Beam Quality

Filter

Figure D shows image acquired using the same x-ray tube voltage (32 kV), but different filters. The image on the left in Figure D was obtained using the Rh filter, and required an exposure of 40 mAs (EI = 460). For this image obtained using Rh/32 kV, the incident air kerma was determined to be 6.6 mGy, and the average glandular dose was 0.88 mGy. When a Mo filter is selected (Figure D – right) and the x-ray tube voltage is kept at the same 32 kV value, the mAs increased to 42 mAs (vs 40 mAs for the Rh filter), the entrance air kerma increased to 15 mGy (vs 6.6 mGy for the Rh filter), and the average glandular dose increased to 1.1 mGy (vs 0.88 mGy for the Rh filter). For both images shown in Figure D, the exposure index value was the same at a value of 460. This example quantifies the increase in dose when using x-ray beams that have lower average photon energy, as is achieved by switching from an Rh filter to a Mo filter.

Figure D. Images of the anthropomorphic phantom acquired in manual mode using the same 32 kV, and a constant detector radiation intensity (EI = 460): Left Rhodium filter (click here for the full size image); Right Molybdenum filter (click here for the full size image).

Voltage (kV)

The manual mode of operating the digital mammography system can also be used to illustrate the effect of x-ray tube voltage on image quality and patient dose for a fixed x-ray beam filter material. Figure E shows the anthropomorphic phantom imaged in manual mode using the same x-ray beam filter material (Molybdenum). The image on the left was acquired using 28 kV, which required a total exposure of 74 mAs, and resulted in an exposure index of 480. The entrance air kerma at 28 kV was 21 mGy, and the resultant average glandular dose was 1.4 mGy. When the x-ray tube voltage increased from 28 to 32 kV (Figure E, right) the exposure was terminated at a shorter time (42 mAs), but with no marked change in the detector exposure (EI = 460). With the increased penetration achieved by using a higher 32 kV, the image on the right only required an incident air kerma of 15 mGy (vs 21 mGy at 28 kV), and the average glandular dose at this higher voltage was also reduced at 1.1 mGy (vs 1.4 mGy at 28 kV).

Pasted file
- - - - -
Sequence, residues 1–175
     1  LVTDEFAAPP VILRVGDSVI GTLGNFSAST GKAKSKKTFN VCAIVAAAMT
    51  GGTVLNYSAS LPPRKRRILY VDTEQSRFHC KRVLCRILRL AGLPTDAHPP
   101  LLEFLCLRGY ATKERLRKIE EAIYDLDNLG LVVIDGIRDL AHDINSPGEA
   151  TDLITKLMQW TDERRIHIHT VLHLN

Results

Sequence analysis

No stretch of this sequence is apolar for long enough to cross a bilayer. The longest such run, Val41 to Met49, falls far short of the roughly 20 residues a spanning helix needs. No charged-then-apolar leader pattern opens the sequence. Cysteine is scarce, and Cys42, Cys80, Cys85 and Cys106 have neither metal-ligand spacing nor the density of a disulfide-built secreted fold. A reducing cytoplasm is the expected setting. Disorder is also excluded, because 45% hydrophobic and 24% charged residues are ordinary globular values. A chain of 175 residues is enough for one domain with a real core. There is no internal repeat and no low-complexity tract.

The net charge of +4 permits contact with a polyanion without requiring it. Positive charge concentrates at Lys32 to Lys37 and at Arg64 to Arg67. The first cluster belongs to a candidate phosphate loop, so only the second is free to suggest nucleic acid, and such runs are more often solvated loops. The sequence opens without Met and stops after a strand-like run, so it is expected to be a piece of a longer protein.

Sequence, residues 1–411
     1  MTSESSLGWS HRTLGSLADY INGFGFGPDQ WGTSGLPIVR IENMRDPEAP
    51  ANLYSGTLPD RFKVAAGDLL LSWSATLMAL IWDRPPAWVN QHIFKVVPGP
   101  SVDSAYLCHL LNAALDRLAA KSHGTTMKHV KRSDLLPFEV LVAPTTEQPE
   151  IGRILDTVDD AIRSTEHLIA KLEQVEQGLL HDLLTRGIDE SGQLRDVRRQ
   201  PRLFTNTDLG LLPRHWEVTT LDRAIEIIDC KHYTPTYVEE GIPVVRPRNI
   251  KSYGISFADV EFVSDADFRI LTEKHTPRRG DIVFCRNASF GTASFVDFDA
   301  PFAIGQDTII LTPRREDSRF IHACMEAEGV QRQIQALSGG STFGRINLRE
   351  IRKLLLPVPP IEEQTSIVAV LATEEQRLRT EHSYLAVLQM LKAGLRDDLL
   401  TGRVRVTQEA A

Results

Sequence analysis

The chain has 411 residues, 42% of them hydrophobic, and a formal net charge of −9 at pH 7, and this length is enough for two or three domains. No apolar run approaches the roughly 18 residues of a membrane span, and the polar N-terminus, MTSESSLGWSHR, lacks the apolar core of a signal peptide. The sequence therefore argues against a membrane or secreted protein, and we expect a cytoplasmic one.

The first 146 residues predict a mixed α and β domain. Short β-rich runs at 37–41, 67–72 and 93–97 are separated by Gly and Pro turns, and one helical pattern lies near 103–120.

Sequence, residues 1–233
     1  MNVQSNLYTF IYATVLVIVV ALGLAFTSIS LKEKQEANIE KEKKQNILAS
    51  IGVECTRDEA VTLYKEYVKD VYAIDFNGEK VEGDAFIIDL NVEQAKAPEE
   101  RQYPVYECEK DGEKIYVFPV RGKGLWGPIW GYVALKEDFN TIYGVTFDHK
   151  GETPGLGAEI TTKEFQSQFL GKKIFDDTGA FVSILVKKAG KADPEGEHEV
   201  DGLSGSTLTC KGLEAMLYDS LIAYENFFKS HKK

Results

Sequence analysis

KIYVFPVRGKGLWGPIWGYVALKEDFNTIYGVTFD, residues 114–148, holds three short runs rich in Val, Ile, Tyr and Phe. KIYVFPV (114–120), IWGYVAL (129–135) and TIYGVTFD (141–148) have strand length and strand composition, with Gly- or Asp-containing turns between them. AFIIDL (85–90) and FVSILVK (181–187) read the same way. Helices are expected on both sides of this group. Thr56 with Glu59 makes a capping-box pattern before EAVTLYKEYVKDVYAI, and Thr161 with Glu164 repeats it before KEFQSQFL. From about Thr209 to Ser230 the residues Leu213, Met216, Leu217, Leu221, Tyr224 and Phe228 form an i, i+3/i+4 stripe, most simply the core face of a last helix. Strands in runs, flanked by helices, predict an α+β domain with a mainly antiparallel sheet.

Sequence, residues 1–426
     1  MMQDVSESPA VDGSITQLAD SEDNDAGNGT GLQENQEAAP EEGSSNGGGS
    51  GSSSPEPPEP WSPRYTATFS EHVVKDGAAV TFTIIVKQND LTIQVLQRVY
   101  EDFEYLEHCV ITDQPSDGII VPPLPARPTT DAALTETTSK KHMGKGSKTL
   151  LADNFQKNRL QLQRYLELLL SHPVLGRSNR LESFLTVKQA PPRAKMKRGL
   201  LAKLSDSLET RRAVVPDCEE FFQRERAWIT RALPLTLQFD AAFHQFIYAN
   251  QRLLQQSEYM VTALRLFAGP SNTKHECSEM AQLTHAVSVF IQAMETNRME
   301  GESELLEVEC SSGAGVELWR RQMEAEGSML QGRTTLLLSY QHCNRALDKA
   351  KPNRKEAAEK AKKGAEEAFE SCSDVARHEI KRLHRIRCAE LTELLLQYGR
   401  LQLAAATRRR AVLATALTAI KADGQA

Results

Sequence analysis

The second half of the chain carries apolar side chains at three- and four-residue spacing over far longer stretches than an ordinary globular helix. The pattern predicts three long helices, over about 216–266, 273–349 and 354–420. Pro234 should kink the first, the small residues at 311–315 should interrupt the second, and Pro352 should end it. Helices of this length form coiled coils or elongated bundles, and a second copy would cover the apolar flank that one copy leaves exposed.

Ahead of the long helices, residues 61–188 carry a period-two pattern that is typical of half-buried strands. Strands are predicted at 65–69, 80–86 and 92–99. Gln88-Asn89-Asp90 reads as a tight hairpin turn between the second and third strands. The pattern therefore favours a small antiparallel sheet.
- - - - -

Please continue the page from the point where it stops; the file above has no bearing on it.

Figure E. Images acquired of the anthropomorphic breast phantom using a constant x-ray beam filter (Mo), but the x-ray tube voltage selected manually by the operator: Left 28 kV (click here for the full size image); Right 32 kV (click here for the full size image).
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